they had been thoughtful enough to invite too.
This was a double wedding, with everyone dressed in their most colourful outfits.
Turkmenbashi certainly didn't hold back on the construction of his personality cult, but much of that
was toned down after he died in 2006, by the newly-designated leader, Gurbanguly Berdymukhamedov. However this
may have been just so he couldn't be outdone, and now golden monuments are springing up dedicated
to the new president-for-life, such as this equestrian statue.
President Berdymukhamedov appears in perfect photographic form throughout the city, whether painted
or digitally recreated such as on this electronic billboard.
Interestingly, another former leader of Turkmenistan still stands in effigy, one of a diminishing number
of Lenin statues around the world. I'd always wanted to see a Lenin statue, since missing the one in
which was pulled down during the 2014 revolution only weeks before my visit, and missing
seeing the man himself in person in
after we were too late to join the queue.
Very little physical evidence remains of Ashgabat's past, not just for the forward-thrusting pace of
development, but also following the 1948 earthquake which levelled the city and wiped out ninety percent
of its population. One exception is Nisa Fort, just out of town and the ancient capital of the
Parthian empire. The site was settled perhaps as long as six thousand years ago, but eventually succumbed
to the advances of Genghis Khan.
Turkmenistan is famed for its breed of Akhal-Teke horse, the most universally perfect horse breed and
highly prized. We saw them in action at the races on our first morning in town (gambling not allowed,
officially) and went to visit a stud farm outside the city, where we met these lads.
Reverence of horses in Turkmenistan is such that they even have their own monument, almost like they
are bursting out of an iced cake.
The world's largest indoor Ferris wheel is another of Ashgabat's claims to fame - again the eight-pointed
star features prominently, and the wheel turns its forty-seven metre diameter once every ten minutes.
Similar to the
Eye and the
Flyer, its rotation is slow enough that passengers step on and off without it stopping.
Turkmenistan TV Tower presides over the whole city, standing two hundred metres tall on a hilltop and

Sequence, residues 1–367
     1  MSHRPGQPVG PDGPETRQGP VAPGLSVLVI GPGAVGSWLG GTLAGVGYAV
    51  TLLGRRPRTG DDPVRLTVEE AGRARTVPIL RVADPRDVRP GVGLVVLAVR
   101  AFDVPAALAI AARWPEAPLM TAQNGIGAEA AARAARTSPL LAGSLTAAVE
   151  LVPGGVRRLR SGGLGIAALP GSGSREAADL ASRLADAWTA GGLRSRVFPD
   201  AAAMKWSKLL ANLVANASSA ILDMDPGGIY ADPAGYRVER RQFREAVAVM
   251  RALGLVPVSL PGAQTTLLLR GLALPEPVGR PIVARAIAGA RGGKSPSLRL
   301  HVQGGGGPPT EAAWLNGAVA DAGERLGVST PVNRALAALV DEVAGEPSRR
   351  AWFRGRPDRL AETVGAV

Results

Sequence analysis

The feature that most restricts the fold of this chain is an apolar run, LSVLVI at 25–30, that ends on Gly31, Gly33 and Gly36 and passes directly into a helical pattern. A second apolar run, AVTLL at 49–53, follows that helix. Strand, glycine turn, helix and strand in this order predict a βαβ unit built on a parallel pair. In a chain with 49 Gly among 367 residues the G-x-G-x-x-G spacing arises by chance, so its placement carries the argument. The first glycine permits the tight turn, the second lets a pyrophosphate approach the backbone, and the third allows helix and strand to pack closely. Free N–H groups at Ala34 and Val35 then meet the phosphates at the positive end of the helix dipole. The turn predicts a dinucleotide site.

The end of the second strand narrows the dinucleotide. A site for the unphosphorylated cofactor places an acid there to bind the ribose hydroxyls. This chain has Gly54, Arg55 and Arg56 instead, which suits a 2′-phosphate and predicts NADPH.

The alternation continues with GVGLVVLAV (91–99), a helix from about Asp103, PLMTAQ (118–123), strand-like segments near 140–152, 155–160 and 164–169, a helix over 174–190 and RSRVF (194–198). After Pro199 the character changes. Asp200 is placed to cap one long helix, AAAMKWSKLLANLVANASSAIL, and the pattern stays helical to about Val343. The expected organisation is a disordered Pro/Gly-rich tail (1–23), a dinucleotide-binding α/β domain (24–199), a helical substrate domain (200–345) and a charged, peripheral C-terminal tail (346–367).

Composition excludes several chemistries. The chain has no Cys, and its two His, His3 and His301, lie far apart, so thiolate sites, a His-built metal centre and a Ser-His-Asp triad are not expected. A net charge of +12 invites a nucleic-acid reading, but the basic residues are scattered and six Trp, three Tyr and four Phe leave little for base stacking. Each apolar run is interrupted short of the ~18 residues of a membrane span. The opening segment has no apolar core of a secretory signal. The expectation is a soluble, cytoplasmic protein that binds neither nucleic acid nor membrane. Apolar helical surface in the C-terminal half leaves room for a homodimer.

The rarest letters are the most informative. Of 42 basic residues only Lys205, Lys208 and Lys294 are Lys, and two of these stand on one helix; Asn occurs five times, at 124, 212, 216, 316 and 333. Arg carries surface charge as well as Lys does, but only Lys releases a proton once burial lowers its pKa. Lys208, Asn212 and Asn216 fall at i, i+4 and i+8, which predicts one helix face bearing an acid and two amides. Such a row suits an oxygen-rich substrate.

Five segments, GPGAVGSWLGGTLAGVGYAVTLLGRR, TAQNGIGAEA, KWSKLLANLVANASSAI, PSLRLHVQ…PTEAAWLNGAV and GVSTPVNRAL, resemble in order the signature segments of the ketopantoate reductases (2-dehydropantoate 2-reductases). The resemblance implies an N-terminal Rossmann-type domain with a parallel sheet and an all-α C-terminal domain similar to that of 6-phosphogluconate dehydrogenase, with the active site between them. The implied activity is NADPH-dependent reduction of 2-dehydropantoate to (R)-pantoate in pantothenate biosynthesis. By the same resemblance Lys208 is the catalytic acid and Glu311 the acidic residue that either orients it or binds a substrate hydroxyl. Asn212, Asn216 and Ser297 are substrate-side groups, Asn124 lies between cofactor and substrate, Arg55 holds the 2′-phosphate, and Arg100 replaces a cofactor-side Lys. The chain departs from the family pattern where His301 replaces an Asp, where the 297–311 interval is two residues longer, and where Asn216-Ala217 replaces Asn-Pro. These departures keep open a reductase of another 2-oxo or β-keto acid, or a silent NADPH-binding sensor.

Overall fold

featuring the world's largest architectural eight-pointed star. This was as close as we could get
for photos. Nearby is the "health walk", a mountain trail which offers good views of the city, and is
mandatorily walked by all government ministers once a year. Quite right too.
The local brew, Berk, is a light lager widely available throughout the country. Although I think I preferred
its fierce competitor, Zip.
Markets in Turkmenistan are clean and well organised almost to the point of the obsessive, I was very
impressed. This is the
market in Ashgabat, which like much of the country, was dificult to photograph without being shouted at.
Our hotel, the Ak Altyn, which translates as "white gold". It was built in the '90s, and faces
the Turkmenistan State Circus. Being early October, the pool was closed for the season, and although
blue, I couldn't see the bottom.
Ashgabat was building a shiny new railway station, passenger and freight trains have been running for
a long time and reach to the various neighbouring Stans, and ultimately Moscow. The word "Wokzal"
for station is the same as in Russian, which was itself first applied after a Tsar visited London's
Vauxhall station, and mistook the station's name as the English word for any station. Or so the story
Ashgabat had recently completed its showcase international airport terminal, opened only a few weeks
before our arrival and shaped like an enormous bird. It was very impressive, but with the severe restrictions
on visas for foreigners, and travel for locals, one wonders how much of its capacity will